During the UN Climate Summit, two major announcements gave more momentum to this cross-border trend. Three worldwide state and regional coalitions launched The Compact of States and Regions, which will establish a yearly accounting of climate commitments made by state and regional governments around the world and report progress towards those commitments. The coalitions, an alphabet and numeral soup that includes The Climate Group States & Regions Alliance, nrg4SD, and R20, together represent dozens of sub-national representatives from places as diverse as Connecticut, Gujarat, Tasmania, Catalonia, the Western Province of Sri Lanka, and Wales. "We're looking for a new era of bilateralism at the sub-national and regional level," says Glen Murray, minister of the environment and climate change for the Canadian province of Ontario and former mayor of Winnipeg.
On the cities front, the mayors of Los Angeles, Houston, and Philadelphia (the second, fourth, and fifth largest cities in the U.S.) launched the Mayors' National Climate Action Agenda to push for, among other things, aggressive near-term and long-term GHG reduction plans by cities. New York Mayor Bill de Blasio, who previously had not made climate action the priority it was for predecessor Michael Bloomberg, began Climate Week NYC by pledging an 80 percent reduction in Big Apple GHG emissions from 2005 levels by 2050. New York joined an "80 percent pledge" cities list that includes Boston, San Francisco, Portland, Chicago, Minneapolis, and Stockholm. Across the Atlantic, Amsterdam Mayor Eberhard van der Laan and others have hatched a new entity called The Global Parliament of Mayors that seeks to bring mayors together on a range of issues. Two relevant data points here: half of the world's population now lives in urban areas, and in the U.S., polls say more than 60 percent of people trust their mayors, while just 12 percent trust Congress.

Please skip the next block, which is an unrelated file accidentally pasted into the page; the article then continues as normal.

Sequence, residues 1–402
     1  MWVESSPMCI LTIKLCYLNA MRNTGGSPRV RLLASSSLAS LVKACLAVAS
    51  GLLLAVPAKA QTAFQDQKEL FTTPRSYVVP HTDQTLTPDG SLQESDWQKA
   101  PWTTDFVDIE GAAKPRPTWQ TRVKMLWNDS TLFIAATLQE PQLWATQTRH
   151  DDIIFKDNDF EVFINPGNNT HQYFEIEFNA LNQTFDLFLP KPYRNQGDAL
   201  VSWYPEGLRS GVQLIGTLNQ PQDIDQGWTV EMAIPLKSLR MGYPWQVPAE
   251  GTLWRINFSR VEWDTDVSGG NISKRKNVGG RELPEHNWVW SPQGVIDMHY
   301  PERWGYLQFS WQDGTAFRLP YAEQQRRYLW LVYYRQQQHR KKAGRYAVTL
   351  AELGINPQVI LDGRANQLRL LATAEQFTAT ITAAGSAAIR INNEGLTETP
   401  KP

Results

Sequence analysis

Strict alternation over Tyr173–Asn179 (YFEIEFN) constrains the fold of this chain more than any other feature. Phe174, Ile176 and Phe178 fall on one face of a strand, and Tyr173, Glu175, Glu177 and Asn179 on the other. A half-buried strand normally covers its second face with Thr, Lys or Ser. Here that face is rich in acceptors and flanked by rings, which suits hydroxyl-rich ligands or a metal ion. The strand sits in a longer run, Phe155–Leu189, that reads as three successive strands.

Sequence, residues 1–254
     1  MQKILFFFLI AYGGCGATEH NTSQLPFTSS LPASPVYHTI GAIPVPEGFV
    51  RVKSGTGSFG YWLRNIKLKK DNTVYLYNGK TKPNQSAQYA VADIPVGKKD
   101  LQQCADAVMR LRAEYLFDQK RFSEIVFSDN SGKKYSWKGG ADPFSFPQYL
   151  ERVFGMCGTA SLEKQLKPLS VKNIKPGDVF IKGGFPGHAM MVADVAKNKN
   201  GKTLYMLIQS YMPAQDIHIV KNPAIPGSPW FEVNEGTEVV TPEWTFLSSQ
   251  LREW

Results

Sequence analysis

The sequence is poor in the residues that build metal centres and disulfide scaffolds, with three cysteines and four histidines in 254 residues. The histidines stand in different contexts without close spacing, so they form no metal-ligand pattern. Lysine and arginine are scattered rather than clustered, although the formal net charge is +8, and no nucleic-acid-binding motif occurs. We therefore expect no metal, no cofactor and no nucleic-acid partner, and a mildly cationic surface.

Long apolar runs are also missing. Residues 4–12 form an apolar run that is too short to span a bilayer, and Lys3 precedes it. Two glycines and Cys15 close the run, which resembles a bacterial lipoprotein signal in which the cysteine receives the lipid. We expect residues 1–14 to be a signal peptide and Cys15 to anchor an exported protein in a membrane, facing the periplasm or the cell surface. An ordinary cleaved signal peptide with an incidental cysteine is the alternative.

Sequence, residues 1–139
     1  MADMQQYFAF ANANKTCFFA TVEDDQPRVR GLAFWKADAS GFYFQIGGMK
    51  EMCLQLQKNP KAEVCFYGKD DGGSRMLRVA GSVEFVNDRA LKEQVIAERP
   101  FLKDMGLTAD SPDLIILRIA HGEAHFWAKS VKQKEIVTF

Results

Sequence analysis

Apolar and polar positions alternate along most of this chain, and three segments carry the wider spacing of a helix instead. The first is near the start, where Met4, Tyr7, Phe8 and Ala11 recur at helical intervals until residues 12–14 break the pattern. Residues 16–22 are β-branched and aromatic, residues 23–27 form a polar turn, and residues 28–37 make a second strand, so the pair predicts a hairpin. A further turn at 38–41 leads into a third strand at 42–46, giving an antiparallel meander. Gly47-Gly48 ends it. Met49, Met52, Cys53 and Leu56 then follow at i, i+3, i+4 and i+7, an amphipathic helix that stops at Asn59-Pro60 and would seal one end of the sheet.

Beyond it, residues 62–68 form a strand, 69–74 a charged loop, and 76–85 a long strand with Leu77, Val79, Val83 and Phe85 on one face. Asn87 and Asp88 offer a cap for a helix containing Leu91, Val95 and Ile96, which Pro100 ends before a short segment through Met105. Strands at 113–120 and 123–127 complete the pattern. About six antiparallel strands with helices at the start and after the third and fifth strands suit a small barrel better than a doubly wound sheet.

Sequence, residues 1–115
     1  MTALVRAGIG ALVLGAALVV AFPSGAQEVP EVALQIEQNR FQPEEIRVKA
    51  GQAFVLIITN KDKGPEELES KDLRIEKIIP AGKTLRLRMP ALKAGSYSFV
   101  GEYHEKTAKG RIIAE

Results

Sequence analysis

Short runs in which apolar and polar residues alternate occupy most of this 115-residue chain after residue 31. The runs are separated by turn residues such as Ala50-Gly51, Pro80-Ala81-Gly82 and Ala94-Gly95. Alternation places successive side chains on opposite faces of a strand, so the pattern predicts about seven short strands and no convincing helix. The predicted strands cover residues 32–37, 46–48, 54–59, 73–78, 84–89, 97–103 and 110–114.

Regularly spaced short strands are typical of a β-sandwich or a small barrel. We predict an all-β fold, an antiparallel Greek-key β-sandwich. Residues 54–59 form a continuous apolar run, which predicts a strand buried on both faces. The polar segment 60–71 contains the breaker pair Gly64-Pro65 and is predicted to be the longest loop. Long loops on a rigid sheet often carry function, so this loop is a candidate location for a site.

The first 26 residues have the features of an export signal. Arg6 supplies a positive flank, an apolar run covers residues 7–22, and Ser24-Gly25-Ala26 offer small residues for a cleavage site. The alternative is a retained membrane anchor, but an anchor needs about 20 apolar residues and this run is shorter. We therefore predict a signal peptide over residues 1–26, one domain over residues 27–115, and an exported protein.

By most accounts, the UN Climate Summit brought a more hopeful sense of urgency on climate action from the world's nations than such gatherings in the past. But the chances of a meaningful global accord on emissions reduction at the next meeting, the UN Climate Change Conference in Paris in late 2015, remain very much in doubt. At the IETA Carbon Forum, first-term California Congressman Jared Huffman brought a dose of Capitol Hill reality to a heady week in New York. "A multi-national climate treaty, ratified by the U.S. Senate," said Huffman, "is just not going to happen. That's why this discussion at the sub-national level is so important - and can be quite effective." And Vermont Gov. Peter Shumlin, at a different event, was even blunter: "If we sit around waiting for world leaders to act, it will be 90 degrees every day in Vermont."
The World War I era French statesman Georges Clemenceau once famously said, "War is too important to be left to the generals." A century later, the climate crisis and the transition to a low-carbon, clean-energy economy may be too important to be left to national governments - at least in waiting for a serious international treaty. On the public sector side, it is the sub-nations - the world's states, cities, provinces, and regions, working individually and together - who are blazing another path to action.